Portable Document Format. A format for document exchange, no matter the software, hardware or operating system being used.
Actually, scratch that software bit. These days Adobe LiveCycle seems to be producing an awful lot of PDF files which can only be opened in Adobe products. Oh, and you better scratch that hardware and operating system bit too, because the latest versions of Adobe Reader and Adobe Acrobat aren't available on all devices and operating systems.
Portable. A PDF that is created in an Adobe product and can only be opened in an Adobe product is not portable. You may have come across this delightful message before:
To view the full contents of this document, you need a later version of the PDF viewer. You can upgrade to the latest version of Adobe Reader from www.adobe.com/products/acrobat/readstep2.html For further support, go to www.adobe.com/support/products/acrreader.html
That's an interesting message. Instead of showing me the content of the PDF, I'm shown a message that tells me I need later version of the “PDF viewer” and then it directs me to download Adobe Reader. But I didn’t open this PDF in Adobe Reader, I used an alternative application, so why am I being instructed to download Adobe Reader in order to view this Portable Document Format file?
Is Adobe creating PDF files that can only be opened in Adobe products? Yes, it appears they are and have been doing so for a number of years.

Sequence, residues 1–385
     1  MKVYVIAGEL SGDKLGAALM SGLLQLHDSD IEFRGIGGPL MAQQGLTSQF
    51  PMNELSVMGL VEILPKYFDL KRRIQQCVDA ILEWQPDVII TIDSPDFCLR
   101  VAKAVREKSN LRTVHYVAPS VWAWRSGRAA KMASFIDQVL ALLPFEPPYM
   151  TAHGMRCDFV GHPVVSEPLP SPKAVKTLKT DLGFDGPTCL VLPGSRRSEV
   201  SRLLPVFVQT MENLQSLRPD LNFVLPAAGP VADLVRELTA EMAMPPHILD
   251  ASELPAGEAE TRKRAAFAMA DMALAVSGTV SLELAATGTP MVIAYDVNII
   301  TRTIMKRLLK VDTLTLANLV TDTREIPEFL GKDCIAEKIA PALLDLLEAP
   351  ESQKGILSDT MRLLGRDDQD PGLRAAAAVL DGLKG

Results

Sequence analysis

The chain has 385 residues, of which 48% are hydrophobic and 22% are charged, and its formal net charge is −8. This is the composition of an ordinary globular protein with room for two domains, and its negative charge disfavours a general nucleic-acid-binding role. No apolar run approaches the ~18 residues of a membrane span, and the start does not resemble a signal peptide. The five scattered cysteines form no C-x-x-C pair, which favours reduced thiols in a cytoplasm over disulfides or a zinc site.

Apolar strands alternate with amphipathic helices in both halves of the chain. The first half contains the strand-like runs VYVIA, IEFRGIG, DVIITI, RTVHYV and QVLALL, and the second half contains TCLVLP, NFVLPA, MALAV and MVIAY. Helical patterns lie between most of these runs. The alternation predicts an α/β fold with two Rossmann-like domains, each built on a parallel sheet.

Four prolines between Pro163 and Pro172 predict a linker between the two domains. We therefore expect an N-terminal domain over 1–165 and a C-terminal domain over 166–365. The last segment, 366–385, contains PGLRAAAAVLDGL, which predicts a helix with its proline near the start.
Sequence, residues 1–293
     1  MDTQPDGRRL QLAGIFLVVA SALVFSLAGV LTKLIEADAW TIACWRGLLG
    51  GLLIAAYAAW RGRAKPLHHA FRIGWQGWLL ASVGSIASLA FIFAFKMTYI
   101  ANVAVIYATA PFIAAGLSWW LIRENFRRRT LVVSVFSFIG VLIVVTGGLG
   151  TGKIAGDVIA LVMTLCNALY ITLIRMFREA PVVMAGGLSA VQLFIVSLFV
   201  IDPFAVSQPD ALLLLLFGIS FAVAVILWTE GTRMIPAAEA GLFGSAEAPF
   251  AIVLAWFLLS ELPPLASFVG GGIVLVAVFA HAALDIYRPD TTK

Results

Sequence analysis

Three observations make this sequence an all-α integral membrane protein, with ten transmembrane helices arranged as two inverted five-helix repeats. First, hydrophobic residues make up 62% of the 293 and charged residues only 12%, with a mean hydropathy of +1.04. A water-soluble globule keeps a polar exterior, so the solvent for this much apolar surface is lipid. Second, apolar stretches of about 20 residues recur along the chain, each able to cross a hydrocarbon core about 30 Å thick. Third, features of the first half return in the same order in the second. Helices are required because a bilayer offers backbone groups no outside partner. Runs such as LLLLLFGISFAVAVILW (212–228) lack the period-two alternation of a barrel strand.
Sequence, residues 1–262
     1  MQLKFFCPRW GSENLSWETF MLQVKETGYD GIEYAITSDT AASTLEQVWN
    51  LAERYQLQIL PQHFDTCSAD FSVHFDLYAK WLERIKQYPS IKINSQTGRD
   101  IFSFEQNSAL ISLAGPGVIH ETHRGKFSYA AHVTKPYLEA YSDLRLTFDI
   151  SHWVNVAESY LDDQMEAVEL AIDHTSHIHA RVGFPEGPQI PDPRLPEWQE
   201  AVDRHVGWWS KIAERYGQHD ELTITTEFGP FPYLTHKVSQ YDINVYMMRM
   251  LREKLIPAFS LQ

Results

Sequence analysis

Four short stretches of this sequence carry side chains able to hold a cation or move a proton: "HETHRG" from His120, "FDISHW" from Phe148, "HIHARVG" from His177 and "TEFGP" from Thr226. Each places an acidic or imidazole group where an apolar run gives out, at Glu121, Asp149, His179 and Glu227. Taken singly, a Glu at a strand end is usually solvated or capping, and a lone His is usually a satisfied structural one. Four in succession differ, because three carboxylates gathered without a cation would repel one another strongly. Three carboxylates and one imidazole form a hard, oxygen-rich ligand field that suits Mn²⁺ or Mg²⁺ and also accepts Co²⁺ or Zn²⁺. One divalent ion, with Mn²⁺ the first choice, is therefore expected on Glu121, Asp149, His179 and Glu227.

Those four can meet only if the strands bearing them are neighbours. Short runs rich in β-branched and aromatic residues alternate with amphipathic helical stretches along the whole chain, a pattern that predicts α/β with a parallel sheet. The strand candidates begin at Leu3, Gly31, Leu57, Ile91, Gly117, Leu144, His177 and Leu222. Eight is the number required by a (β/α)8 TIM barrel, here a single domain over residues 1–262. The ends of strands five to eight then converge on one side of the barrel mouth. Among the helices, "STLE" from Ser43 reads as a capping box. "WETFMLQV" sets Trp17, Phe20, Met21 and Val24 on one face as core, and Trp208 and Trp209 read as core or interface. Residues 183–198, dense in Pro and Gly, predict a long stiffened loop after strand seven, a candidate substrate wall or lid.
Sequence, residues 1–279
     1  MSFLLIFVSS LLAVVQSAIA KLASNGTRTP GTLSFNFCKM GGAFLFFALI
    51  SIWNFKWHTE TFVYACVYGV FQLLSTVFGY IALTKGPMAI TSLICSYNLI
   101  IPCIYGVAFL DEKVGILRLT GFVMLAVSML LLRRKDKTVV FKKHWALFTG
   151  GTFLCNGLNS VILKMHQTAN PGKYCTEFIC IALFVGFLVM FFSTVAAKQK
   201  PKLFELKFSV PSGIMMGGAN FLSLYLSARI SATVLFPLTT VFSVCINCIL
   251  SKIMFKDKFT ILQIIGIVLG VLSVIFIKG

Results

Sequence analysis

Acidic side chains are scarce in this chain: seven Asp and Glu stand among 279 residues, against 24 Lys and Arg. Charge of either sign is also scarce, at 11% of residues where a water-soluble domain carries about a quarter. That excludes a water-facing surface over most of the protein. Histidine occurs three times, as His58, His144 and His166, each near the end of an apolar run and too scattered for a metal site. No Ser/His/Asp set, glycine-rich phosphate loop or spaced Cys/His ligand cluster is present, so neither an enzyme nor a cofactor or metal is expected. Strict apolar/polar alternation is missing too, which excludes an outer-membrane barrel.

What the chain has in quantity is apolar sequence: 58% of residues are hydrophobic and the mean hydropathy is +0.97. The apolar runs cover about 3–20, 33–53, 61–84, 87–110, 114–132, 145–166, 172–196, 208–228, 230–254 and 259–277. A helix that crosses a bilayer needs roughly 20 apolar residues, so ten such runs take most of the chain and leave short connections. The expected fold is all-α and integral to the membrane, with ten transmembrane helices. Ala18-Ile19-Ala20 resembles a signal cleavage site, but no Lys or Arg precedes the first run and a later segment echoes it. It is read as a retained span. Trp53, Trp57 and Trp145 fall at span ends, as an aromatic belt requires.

Adobe will tell you that what they're doing is fully compliant with ISO 32000-1, that the ISO standard fully documents both the encryption algorithms and includes XFA as a normative reference, which is true.
That's not really the issue. The issue is that Adobe is preventing any PDF viewer from opening these PDF files unless it is version 8 or newer of Adobe Reader or Adobe Acrobat.
Now perhaps the ISO standard doesn’t prohibit this sort of behavior, but I think it's fair to say that it goes against the grain of what PDF is all about. It knee-caps the concept of a portable document without so much as a "how do you do" or an explanation of why and makes a mockery of PDFs original intent.
PDF might be an ISO standard these days, giving Adobe some cover to make more commercially orientated decisions, but Adobe is still the standard-bearer of PDF and should not be in the business of creating crippled-PDFs.
OK, so you want to stamp your document. Maybe you need to give reviewers some advice about the document's status or sensitivity. This tip from author Ted Padova demonstrates how to add stamps with the Stamp Tool along with related comments.